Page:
napping on prozac

I like my naps, I do. They recharge my mind and my body. That and I’m firm in my belief that if I’m falling asleep where I sit, then it’s nap time. Napping has gotten a lot harder since I started on the Prozac at the end of July. But the Prozac does what it’s supposed to do. It wakes me up and gives me the energy I need to make it through a day. This means fewer naps.

This is okay. The therapist I was seeing until I switched to this new one kept telling our panic disorder group that naps were a bad thing – they keep us from sleeping at night, and people like us need all the nighttime sleep we can get.

So Miss Kitty and I have come to an agreement. I say, “It’s nap time,” and she goes with me into the bedroom. She naps whether I do or not. Sometimes a nap for me consists of just lying down for half an hour or an hour – however long I can convince my racing mind to let me ‘rest’. Sometimes a nap really does mean sleep for an hour or two – or more depending on if I need it. Sometimes a nap is “lying down to read”. I’ll take a book with me and do that. Lay down and read for a little while.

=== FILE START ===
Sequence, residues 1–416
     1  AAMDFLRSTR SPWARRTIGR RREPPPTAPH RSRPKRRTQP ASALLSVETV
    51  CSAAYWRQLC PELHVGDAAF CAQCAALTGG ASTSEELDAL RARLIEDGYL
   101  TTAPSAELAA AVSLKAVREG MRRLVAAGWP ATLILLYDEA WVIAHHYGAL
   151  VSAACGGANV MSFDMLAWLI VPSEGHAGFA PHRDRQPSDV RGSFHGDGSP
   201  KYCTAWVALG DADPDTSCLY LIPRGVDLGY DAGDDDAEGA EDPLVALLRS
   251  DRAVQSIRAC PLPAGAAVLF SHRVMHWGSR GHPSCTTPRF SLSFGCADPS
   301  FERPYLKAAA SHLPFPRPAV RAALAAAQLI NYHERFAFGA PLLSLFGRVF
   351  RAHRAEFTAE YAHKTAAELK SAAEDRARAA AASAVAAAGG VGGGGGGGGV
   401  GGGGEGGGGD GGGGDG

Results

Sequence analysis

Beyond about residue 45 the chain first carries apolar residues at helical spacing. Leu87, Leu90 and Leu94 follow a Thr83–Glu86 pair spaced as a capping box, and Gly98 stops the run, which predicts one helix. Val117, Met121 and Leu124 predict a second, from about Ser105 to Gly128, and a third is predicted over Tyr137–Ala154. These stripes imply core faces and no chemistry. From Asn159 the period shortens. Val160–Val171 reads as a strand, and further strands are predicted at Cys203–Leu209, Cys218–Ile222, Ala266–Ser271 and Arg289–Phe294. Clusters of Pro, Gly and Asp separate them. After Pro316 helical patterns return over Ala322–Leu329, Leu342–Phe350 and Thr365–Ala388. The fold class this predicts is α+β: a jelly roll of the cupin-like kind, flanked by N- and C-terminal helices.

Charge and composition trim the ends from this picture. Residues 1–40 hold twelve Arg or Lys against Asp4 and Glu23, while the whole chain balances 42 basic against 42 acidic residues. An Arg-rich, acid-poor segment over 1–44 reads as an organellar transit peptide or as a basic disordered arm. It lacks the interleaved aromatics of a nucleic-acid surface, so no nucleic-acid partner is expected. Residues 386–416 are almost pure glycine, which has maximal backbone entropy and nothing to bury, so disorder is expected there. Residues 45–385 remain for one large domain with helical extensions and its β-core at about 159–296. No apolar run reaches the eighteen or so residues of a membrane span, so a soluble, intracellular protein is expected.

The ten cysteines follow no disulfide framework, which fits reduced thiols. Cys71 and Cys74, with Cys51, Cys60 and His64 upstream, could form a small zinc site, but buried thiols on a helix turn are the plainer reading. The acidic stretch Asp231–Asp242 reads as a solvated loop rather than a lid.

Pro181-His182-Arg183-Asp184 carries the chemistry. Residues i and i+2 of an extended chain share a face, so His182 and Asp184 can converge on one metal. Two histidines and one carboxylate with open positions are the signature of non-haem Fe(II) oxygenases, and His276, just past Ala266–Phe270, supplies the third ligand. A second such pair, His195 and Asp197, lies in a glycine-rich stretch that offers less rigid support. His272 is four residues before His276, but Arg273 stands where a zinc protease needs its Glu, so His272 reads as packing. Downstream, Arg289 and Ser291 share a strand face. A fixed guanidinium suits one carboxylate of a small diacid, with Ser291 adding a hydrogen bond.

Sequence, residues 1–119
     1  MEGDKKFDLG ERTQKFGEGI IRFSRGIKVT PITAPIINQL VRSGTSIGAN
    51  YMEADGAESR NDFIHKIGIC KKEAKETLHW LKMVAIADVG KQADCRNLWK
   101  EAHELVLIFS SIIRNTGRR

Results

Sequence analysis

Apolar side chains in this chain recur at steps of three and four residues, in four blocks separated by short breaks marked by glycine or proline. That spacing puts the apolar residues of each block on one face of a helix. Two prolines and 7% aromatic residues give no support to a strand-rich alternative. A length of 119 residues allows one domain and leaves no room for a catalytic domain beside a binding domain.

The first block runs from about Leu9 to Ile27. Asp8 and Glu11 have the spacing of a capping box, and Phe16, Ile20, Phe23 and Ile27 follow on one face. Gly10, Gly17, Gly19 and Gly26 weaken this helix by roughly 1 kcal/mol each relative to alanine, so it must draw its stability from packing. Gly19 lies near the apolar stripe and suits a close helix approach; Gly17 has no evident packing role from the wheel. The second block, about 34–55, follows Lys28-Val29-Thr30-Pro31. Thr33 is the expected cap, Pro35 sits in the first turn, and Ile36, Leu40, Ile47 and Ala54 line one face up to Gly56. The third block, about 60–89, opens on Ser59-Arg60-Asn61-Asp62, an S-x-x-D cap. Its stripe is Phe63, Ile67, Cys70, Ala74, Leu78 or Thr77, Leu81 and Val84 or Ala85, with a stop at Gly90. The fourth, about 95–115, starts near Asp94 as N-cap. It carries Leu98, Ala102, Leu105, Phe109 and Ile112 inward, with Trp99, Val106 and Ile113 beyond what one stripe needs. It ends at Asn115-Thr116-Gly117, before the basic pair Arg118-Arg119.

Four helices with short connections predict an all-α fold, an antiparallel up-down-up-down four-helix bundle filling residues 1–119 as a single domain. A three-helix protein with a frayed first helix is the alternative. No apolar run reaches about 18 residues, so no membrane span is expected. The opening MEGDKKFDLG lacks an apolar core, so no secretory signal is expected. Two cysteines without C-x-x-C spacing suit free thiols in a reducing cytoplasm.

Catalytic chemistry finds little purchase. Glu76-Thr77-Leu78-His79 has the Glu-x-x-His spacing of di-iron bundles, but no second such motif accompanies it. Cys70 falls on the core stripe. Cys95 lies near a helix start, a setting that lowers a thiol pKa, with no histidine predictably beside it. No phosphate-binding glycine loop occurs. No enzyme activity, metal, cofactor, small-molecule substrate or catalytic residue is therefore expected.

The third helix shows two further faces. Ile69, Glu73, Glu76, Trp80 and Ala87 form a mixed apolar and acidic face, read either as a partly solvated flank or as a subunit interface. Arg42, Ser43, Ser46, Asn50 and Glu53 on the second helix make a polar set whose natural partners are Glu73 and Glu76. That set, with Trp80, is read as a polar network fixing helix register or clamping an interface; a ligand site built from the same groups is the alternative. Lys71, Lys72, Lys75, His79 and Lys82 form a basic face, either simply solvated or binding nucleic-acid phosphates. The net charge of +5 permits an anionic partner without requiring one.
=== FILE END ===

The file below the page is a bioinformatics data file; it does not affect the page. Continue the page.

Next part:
Regardless, it still gives my mind and body a much needed break through the day.

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Author: Mari Adkins

Appalachian gothic fiction writer - my works reflect a love of literature flavored by the darkness and magic residing in these ancient mountains. In my spare time, I'm a Simmer, I tumbl, I journal, but I always have a very strange sense of humor. I have lived away from the mountains and lived deep in the mountains. I currently live in Central Kentucky with my lifepartner and his cat. The mountains, their culture, their superstitions, their particular magics, will always be in my blood.